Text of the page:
5. Professional development must be prioritised by school leadership.
What does this mean for Learning Unlimited TSA?
As an established teaching school alliance, a number of different delivery models have been trialled, including a credits based system and this year an all-inclusive package. From September 2018, Learning Unlimited will approach CPLD in a completely different way. Rather than putting together a package and advertising the events, we will work with groups of schools, localities or MATs to design a bespoke package of CPLD, which is completely aligned to school improvement priorities. This tailored solution will be done entirely ‘at cost’ to ensure the best value for money from schools and we ask in return that schools leaders play a key role in the evaluation of the programmes. It is not enough for a participant to tick a box to rate how much they have taken from an event therefore we need school leaders to be part of the process to tell us what impact the programme has had on a teacher’s classroom practice, professional behaviours or mindset. This will mean schools engaging more deeply with carefully designed development programmes over a series of sessions rather than one off events.
How would a package be designed?
- A specialist CPLD lead works with the school leaders to ensure that the correct school improvement priorities have been identified.
- Clear intended outcomes are identified.
- A range of research evidence is considered in a leadership discussion with the CPLD lead.
- The specialist CPLD lead works with the school leaders to design a programme based on the principles of effective professional learning and DfE standards.
- Continual evaluation by participants and school leaders feeds directly into the ongoing development of the packages.
- Longer term evaluation of impact to feed back to CPLD lead.
What about Quality Assurance?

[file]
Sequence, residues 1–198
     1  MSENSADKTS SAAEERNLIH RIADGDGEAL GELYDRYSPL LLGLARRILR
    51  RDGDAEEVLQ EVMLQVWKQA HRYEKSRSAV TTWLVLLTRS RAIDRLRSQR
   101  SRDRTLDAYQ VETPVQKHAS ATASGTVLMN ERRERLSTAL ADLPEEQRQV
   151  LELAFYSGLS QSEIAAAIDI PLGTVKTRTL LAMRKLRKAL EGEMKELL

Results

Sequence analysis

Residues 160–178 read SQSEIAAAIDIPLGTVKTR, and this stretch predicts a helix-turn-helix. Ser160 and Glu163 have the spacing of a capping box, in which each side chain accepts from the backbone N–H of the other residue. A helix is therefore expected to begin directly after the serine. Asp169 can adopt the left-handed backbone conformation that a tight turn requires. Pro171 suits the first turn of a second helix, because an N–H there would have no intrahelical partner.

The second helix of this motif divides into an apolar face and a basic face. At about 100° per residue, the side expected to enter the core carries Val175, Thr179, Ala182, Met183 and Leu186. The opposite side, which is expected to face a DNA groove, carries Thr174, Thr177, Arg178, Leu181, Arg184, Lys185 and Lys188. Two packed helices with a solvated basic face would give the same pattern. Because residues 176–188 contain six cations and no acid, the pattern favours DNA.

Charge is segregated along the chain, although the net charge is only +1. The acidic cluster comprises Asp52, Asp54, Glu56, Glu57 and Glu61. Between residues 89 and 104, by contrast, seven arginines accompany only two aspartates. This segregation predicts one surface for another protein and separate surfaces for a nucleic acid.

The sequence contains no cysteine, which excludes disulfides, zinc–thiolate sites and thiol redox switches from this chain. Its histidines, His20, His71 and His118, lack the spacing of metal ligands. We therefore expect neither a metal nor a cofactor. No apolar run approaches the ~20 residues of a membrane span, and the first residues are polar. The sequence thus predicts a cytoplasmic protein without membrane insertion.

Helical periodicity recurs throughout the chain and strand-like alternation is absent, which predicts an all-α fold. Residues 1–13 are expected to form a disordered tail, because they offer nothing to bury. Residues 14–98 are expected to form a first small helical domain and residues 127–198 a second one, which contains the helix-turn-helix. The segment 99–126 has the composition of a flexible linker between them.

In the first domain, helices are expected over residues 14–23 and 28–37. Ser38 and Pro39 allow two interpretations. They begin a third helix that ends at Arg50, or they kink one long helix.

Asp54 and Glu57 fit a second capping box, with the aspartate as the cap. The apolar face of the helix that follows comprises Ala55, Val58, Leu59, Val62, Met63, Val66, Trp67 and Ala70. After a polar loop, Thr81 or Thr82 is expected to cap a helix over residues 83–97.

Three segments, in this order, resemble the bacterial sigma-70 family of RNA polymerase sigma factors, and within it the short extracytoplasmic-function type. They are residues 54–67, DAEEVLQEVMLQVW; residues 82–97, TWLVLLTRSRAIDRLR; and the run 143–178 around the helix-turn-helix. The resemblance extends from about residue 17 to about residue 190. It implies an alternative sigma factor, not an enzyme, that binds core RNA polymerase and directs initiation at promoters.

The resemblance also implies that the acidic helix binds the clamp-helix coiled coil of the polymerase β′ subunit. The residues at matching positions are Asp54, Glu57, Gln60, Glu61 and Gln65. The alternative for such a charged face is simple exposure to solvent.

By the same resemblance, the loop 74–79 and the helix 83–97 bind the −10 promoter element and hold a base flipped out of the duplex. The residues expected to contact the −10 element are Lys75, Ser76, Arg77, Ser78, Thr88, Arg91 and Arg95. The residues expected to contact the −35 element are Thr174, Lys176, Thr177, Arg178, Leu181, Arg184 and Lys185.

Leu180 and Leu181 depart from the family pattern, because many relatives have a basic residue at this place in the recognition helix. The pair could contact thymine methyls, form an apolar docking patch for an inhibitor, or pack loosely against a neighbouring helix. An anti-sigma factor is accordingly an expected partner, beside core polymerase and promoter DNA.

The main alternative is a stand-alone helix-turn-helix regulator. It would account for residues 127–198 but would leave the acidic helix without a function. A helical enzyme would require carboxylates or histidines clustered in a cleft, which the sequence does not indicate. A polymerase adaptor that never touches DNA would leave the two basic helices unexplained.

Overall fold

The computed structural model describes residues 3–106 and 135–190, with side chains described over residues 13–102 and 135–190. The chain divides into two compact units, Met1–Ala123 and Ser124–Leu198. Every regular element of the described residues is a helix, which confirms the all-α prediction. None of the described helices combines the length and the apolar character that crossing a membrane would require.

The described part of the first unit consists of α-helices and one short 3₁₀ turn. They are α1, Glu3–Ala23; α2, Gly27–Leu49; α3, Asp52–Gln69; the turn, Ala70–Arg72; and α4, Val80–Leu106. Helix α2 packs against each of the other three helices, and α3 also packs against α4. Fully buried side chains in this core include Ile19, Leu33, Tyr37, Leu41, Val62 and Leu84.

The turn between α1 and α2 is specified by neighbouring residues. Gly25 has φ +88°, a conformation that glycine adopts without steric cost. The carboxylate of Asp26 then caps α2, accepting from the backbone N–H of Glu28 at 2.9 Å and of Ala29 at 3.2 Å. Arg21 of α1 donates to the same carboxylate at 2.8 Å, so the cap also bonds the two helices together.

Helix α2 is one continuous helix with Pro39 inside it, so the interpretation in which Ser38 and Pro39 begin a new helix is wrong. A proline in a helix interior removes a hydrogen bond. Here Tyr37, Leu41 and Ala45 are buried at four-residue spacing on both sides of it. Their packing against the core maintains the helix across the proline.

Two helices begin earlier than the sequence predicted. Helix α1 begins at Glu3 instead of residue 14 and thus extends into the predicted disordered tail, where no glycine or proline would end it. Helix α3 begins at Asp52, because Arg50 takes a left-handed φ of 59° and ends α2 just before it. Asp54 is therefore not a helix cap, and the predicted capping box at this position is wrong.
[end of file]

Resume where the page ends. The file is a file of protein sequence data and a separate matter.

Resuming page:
This is always a big question with any CPLD provider, which is why it is so important that school leaders are intrinsically involved in the design and evaluation process. All of the CPLD packages will be tailored to the individual school improvement needs with clear intended and measureable outcomes. The TSA CPLD lead will play a key role in bringing together key evaluation data for both short and long term impact evaluation activity.
Will this cost more for schools?
The cost would clearly depend on the level of CPLD activity however it is anticipated that schools would actually spend less on CPLD because this would be delivered entirely at cost. The delivery would be costed at the locally agreed system leader rates, a cost for the design and evaluation and potentially a small administration charge if the TSA is to coordinate bookings, etc (this would not always be applicable). The delivery can either be in schools’ own venues or we can arrange training facilities.
How do groups of schools engage with this offer?
The first step would be to contact Anita Bray, our teaching school manager, who would arrange an initial meeting to discuss your requirements. A.firstname.lastname@example.org or 0114 2745745.
“Every teacher needs to improve, not because they are not good enough, but because they can be even better.”